Why invest and what do you look for in an investment?

The immediate answer is often ‘for maximum growth’ or ‘for maximum income’ but it pays to take some time to determine exactly what these terms mean to you and to analyse your needs and your aims. It is unwise to make important financial decisions the week you leave work. It is far better to wait until life settles in to its new routines before making long term and binding financial commitments.

  • If, after doing your budget, you find you need additional income, how much do you need, what will you do with any remaining capital. Will your need for income change in the next 10 years. Why and by how much? Will your tax position change or your mortgage or other loans drop away?
  • If, after doing your budget, you find you need additional income, how much do you need, what will you do with any remaining capital. Will your need for income change in the next 10 years. Why and by how much? Will your tax position change or your mortgage or other loans drop away?
  • If you do not need income at the moment, how will you preserve (or increase) the value of your capital? You may need the income it can generate at a later date. 
  • Will you have a specific need for a capital sum during the next 10 years? What for, and can you ‘pigeon hole’ money for that purpose? (eg. renewing the car). 
  • You may want an ’emergency fund’. Have you decided what an ’emergency’ is? (Damage to most major items should be covered by insurance). How much do you need, must it be on immediate access or would, say, thirty days be adequate? How will you replenish it if you withdraw cash?

How ‘safe’ is your money? This question can apply as much to income as to capital.

One reason frequently quoted for putting money in a building society account is that the capital is safe. That is certainly true if one discounts the effect of inflation, but what about income? Bank and building society rates move up and down so that the resulting income is variable. Income from deposit investments is certainly not risk free and ensuring that income does not fall could be an important aspect after allowing for inflation.

Some investments offer guarantees. It is important to ask what is being guaranteed and is it realistic? If rates are quoted much above the average they may involve increased risk of some sort. How well is the capital protected if income is guaranteed?

All investments include some form of risk. These range from the unpredictable variations in income if you rely on building society variable interest rates to major changes in the value of your capital when invested in equities which inevitably fluctuate with the markets. The risks need to be understood and put into context when planning.

Risk can be minimised by considering a wide spread of investments rather than putting all your eggs in one basket. For instance, £1000 in each of three unit trusts might be considered rather than £3000 in one.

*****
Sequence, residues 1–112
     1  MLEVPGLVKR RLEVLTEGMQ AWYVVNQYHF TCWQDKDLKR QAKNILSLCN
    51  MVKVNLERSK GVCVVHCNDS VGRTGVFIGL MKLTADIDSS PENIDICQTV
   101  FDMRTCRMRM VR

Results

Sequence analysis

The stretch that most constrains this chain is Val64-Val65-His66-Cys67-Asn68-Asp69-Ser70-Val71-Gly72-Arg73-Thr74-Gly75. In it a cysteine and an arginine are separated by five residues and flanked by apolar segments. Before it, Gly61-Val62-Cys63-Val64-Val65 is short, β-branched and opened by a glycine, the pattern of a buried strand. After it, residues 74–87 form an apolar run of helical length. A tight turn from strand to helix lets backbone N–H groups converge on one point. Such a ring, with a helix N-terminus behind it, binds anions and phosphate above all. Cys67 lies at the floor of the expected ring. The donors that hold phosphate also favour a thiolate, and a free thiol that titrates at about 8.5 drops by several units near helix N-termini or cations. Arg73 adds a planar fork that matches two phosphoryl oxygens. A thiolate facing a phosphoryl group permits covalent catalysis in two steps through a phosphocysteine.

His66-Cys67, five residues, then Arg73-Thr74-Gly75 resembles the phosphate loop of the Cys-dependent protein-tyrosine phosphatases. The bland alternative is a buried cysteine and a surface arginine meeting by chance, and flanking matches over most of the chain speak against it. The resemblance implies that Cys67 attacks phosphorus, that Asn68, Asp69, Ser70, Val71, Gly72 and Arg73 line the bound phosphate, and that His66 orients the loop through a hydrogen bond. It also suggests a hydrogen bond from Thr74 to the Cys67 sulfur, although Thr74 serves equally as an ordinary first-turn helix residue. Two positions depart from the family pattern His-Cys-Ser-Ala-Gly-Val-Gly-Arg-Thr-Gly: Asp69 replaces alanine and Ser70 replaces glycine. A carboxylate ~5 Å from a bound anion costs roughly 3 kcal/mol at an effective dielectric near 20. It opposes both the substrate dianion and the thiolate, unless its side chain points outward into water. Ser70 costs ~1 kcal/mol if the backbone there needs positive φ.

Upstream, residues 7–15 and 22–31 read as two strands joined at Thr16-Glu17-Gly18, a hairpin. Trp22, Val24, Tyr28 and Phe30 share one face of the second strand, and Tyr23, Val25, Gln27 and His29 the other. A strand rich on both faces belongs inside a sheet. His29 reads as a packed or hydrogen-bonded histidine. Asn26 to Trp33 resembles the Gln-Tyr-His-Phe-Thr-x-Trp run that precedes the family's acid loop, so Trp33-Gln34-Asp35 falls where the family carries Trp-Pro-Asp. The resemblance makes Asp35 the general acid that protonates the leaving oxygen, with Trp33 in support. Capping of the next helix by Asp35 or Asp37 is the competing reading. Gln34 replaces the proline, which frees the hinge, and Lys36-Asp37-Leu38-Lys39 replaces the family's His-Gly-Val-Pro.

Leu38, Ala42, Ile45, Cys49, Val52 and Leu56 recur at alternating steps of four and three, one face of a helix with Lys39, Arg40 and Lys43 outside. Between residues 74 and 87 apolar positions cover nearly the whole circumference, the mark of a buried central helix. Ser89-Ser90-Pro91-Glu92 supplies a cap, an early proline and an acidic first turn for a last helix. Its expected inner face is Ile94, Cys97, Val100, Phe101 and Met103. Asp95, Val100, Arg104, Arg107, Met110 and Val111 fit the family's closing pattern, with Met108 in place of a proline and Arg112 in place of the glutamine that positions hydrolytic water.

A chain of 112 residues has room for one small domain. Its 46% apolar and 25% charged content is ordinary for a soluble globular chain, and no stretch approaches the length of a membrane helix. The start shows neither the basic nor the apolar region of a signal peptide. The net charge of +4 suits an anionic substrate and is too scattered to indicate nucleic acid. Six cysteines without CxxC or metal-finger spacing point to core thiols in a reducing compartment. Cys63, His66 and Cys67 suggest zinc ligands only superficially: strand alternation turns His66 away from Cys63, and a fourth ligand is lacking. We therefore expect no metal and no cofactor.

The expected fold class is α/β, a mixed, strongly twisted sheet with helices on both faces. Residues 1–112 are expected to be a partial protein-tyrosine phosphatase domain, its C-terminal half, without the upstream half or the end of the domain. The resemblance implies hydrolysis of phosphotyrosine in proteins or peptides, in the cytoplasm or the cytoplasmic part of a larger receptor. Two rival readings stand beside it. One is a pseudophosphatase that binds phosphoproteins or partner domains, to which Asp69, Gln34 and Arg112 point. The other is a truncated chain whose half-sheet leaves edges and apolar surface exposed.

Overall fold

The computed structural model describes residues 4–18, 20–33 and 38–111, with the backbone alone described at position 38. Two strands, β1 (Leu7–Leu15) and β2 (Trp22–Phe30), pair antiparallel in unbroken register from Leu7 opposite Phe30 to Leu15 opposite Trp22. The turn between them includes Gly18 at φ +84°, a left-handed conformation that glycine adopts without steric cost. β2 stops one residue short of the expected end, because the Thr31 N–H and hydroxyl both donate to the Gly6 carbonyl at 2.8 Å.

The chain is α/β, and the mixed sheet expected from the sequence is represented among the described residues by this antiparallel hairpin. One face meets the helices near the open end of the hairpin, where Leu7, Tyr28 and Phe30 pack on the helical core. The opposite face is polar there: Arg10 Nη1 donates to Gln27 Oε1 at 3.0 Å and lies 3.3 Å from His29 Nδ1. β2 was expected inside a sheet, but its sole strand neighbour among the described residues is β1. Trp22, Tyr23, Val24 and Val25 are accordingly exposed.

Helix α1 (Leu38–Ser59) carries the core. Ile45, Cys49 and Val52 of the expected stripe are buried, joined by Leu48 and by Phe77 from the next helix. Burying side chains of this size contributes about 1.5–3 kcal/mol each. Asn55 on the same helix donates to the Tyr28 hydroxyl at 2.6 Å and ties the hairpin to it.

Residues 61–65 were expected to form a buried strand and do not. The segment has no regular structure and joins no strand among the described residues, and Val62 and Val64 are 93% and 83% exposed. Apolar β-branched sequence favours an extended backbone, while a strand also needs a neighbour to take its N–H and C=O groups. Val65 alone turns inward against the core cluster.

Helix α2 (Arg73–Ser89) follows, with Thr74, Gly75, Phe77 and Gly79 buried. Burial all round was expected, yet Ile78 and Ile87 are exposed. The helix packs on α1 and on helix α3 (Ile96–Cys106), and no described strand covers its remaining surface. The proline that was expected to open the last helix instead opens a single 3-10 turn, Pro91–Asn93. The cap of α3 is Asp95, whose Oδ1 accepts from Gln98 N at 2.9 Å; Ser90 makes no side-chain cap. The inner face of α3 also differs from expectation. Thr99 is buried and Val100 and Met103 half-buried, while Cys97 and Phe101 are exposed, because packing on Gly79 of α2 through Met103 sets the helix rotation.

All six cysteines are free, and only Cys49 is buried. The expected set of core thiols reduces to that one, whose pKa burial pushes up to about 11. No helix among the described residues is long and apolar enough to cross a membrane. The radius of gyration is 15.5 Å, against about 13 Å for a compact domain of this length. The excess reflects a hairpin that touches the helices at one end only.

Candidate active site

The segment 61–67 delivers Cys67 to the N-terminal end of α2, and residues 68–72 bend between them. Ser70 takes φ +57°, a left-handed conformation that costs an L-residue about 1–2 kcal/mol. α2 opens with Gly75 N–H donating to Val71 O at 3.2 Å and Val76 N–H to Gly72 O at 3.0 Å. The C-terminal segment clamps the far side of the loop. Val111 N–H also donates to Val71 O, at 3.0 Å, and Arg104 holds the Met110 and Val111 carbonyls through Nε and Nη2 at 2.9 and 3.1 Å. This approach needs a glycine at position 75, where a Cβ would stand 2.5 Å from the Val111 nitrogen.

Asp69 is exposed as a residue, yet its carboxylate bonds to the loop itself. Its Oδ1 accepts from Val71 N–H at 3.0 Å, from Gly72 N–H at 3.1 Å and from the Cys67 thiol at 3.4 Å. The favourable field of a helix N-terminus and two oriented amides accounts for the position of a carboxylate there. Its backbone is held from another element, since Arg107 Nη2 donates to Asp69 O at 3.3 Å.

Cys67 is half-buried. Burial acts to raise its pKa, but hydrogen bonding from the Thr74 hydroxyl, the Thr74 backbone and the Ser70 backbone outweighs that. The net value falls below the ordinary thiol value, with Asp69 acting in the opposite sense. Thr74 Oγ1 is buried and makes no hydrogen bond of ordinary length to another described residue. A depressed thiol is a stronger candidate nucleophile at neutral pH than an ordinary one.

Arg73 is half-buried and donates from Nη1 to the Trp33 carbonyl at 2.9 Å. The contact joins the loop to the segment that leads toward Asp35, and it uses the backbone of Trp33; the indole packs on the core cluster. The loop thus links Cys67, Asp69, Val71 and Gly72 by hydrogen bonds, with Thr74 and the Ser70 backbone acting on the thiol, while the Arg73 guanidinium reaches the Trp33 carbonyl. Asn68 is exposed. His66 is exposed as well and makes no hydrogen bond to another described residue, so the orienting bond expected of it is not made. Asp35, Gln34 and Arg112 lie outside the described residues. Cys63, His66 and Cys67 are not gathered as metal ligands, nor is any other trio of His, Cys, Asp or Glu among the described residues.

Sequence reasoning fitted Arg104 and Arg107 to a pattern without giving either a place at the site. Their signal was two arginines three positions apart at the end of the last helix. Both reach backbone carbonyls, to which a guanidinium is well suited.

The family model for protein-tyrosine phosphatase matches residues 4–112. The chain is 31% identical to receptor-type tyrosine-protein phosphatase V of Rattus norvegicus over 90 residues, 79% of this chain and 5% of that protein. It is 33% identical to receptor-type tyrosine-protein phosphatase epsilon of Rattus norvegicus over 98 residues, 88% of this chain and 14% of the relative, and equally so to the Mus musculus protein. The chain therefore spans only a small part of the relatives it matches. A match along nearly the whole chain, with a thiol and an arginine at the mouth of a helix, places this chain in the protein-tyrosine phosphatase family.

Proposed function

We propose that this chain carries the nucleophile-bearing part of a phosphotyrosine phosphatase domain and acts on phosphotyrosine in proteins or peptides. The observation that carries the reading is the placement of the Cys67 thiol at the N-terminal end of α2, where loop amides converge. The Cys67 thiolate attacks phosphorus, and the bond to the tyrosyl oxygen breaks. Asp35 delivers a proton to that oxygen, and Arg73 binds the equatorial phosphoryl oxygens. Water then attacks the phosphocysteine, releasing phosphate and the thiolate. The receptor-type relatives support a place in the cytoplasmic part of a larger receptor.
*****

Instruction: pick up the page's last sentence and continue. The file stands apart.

Returns can be in various forms depending on the type of investment. The kind of return you look for will depend on your personal circumstances.

is paid on deposit investments such as bank and building society accounts. It is the ‘rent’ they pay you when they borrow your money. It is usually variable and it increases or decreases in response to external factors like inflation and bank base rates. The original capital sum invested will not change but its purchasing power will be eroded by inflation. Over the long term, if the interest is left in the account, and the overall interest rate remains at 20% above inflation, the net return will just keep pace with inflation for a standard rate taxpayer. If the rate is below that, the money is losing purchasing power.

Dividends are paid to the holders of shares, unit and investment trusts. They are your share of the profits generated by the underlying companies. Depending on the particular vehicle, the dividends may be reinvested or taken as income. Unless the investment is specifically designed for high income the dividends are usually a smaller percentage of the capital invested than in a deposit account. However, shares are normally intended to provide capital growth which the deposit account does not offer. The dividend income is taxed at source and the tax is not reclaimable for non taxpayers.

Growth of capital
If you invest £1 and some time later, disregarding any dividends or income, it is worth £1.25, the investment has achieved capital growth, ie. the value of the asset of which you have a share, has increased. This growth can only be achieved by some form of equity based investment. It cannot be guaranteed, nor can any rate of increase be predicted. The value may also go down even though dividends may continue to be paid.

This type of investment is used to try to preserve the value of capital over a longer period. Equity based investments have outperformed deposit based returns over most periods in the past but, of course, this is no indication that they will continue to do so. Equally, there is no guarantee that any one share, or even a small portfolio of shares, will follow the main direction of the stock market.

Guaranteed ‘income’
Income may be guaranteed to be paid at a fixed level for a fixed time from certain types of investment.